Academic journal article Career Development Quarterly

Welfare-to-Work Services: A Person-Centered Perspective

Academic journal article Career Development Quarterly

Welfare-to-Work Services: A Person-Centered Perspective

Article excerpt

Services designed to assist job seekers to leave public assistance and gain employment are well established throughout the U.S. Many of these programs are created and delivered by professionals of higher socioeconomic class backgrounds, but many program participants are of lower social class status. This situation can create "cross-class" difficulties in the design and delivery of effective job-- search services. The author argues that using a person-centered perspective, with the deliberate inclusion of genuineness and empathy in all phases of programming, may neutralize cross-class variables and increase the effectiveness of interventions. Examples from programs emphasizing person-centered concepts are offered.

The landscape of job-seeking services in the United States has begun to look quite different since states have begun requiring many of those on public assistance to move into part-time or full-time jobs (Edwards, Rachal, & Dixon, 1999; Friedman, 1999). This "welfare-to-work" environment is having an impact both on the clients and the deliverers of job readiness services and requires crafting of new regulations and procedures for helping clients move toward paid employment. It also requires new contextual awareness and theory-based choices on the part of policy makers and service deliverers. These new demands on the providers and users of welfare-to-work technology deserve close attention from vocational counselors and psychologists interested in contextual factors in the delivery of job seeking and job-keeping services.

This article specifically explores cross-class issues as they relate to design, delivery, and evaluation of work-related services for clients of low social class. It does so from the perspective of person-centered counseling theory and career counseling (Boy & Pine, 1990; Bozarth & Fisher, 1990; Raskin & Rogers, 1989; Rogers, 1979). Cross-class here refers to the juxtaposition of experiences, cognitions, and behaviors of persons from different social classes. In person-centered terms, Boy and Pine argued that cross-class issues are dealt with most effectively through use of empathy, an understanding of another's view of the world with "biases and views of the empathizer ... virtually eliminated" (p. 10); genuineness, defined as "being a real person who is not playing a role" (Boy & Pine, 1990, p. 10), is recommended as a second condition for minimizing cross-class pitfalls.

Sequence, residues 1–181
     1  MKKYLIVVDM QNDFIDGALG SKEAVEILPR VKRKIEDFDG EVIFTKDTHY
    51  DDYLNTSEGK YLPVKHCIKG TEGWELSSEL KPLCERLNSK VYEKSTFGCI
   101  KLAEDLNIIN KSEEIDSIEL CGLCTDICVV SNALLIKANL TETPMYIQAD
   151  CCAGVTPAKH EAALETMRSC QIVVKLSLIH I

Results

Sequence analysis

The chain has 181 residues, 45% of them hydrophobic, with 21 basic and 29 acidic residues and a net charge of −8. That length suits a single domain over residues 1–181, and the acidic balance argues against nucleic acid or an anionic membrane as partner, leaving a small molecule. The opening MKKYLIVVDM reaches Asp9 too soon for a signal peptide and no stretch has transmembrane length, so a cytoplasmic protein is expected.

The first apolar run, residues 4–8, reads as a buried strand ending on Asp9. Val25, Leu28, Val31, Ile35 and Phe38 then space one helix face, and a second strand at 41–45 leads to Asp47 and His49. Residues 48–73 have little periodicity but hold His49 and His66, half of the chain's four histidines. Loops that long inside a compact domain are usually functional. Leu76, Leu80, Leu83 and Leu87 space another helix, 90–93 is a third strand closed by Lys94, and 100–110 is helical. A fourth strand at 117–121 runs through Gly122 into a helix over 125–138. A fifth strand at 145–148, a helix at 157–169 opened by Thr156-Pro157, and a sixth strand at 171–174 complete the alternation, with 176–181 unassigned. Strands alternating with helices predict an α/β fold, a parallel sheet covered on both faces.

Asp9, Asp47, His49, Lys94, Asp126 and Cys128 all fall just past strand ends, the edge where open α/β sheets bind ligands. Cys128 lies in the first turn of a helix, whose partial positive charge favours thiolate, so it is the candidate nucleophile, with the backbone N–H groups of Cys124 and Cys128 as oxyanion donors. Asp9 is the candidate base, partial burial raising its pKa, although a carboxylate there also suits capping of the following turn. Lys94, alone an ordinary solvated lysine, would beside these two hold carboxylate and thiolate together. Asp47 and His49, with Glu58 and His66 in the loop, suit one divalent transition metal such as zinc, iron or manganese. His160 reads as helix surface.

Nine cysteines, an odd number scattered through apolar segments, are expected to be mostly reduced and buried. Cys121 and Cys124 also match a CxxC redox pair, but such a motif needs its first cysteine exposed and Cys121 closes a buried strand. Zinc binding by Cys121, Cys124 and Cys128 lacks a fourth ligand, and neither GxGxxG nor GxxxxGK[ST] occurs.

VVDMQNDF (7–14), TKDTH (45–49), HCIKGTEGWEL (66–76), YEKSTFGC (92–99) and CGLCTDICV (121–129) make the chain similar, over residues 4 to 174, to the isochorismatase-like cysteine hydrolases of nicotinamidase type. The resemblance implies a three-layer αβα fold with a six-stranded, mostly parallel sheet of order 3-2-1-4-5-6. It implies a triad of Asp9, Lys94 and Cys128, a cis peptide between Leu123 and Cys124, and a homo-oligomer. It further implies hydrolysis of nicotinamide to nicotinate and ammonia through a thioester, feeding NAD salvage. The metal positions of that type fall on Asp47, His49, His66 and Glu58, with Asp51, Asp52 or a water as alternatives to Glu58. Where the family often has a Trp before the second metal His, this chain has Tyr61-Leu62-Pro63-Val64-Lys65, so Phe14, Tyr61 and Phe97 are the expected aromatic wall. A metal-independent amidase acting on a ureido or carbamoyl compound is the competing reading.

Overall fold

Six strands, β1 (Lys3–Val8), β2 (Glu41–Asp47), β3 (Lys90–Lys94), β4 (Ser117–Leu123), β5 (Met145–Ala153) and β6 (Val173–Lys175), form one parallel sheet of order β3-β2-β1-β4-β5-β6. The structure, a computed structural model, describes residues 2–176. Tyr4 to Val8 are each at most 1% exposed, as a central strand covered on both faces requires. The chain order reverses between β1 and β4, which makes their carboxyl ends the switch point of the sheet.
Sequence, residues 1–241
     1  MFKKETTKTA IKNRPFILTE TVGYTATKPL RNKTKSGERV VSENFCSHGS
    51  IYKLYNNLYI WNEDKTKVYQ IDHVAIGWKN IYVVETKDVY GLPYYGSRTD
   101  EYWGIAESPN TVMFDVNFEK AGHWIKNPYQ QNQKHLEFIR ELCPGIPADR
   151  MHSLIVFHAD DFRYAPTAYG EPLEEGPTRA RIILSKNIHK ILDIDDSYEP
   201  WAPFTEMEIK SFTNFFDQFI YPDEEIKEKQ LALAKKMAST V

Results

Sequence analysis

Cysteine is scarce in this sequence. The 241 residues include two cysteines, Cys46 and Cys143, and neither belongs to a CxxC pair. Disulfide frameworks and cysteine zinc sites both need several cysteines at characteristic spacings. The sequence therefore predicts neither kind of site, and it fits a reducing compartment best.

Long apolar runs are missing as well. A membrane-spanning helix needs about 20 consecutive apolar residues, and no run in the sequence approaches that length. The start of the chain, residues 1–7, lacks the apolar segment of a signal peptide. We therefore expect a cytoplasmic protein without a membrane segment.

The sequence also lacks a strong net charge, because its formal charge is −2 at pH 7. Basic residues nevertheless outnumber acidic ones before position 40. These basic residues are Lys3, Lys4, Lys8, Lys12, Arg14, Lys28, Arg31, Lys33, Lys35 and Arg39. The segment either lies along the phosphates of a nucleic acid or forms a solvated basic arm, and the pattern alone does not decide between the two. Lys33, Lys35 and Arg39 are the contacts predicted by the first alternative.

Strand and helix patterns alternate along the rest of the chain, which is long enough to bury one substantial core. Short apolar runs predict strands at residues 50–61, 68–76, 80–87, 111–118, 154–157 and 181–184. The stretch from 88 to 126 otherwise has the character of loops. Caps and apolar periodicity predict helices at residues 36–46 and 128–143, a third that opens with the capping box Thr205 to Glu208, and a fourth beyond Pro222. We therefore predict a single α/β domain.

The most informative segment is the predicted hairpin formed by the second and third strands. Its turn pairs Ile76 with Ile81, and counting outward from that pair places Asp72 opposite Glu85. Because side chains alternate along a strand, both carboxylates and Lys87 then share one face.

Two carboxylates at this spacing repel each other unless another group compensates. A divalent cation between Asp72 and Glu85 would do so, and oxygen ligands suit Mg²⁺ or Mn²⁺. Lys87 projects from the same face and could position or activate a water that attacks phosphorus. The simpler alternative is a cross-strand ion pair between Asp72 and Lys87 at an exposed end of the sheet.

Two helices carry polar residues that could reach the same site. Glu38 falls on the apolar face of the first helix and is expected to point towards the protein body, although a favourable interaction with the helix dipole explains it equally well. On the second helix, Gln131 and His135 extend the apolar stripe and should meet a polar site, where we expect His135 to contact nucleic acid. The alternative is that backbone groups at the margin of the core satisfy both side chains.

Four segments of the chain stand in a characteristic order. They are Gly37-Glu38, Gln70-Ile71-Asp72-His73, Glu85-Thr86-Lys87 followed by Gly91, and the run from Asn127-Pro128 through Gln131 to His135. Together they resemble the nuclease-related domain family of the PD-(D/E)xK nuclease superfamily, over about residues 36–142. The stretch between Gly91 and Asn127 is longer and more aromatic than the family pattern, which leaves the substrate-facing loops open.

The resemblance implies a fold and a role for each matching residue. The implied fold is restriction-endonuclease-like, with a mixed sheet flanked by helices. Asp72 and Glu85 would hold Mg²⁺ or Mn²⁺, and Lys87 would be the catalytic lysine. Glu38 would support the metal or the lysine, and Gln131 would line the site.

Relatedly, policy and program issues from recent research and program delivery are reviewed and evaluated from a person-centered perspective. I propose that vocational professionals should use deliberately explanatory theoretical frames and contextual information related to social class in order to be effective with welfare-to-work clients in the current U.S. policy climate.

Finally, the ability of service providers and policy makers to successfully transcend biases across social classes is addressed. Biases, or stigmas, are defined as "invalidating or poorly justified knowledge structures that [can] lead to discrimination" (Corrigan & Penn, 1999, p. 766). They can interfere significantly with cross-class understanding and lead to rigidity in interpersonal relationships. Professionals' biases, and related concerns about their own competence and effectiveness, can be dealt with through the application of empathy and genuineness, providing an environment in which all parties are seen as having a portion of power and authority in the pursuit of shared goals.

Person-Centered Framework for Job-Related Intervention.

The person-centered approach is applicable in career- and job-related interventions as an extrapolation of the counseling relationship. Bozarth and Fisher (1990) described the vocational counseling process in dyadic terms:

a relationship between a counselor and a client, arising from the client's career concerns, which creates a psychological climate in which the client can evolve a personal identity, decide the vocational goal that is fulfillment of that identity, determine a planned route to that goal, and implement that plan. …

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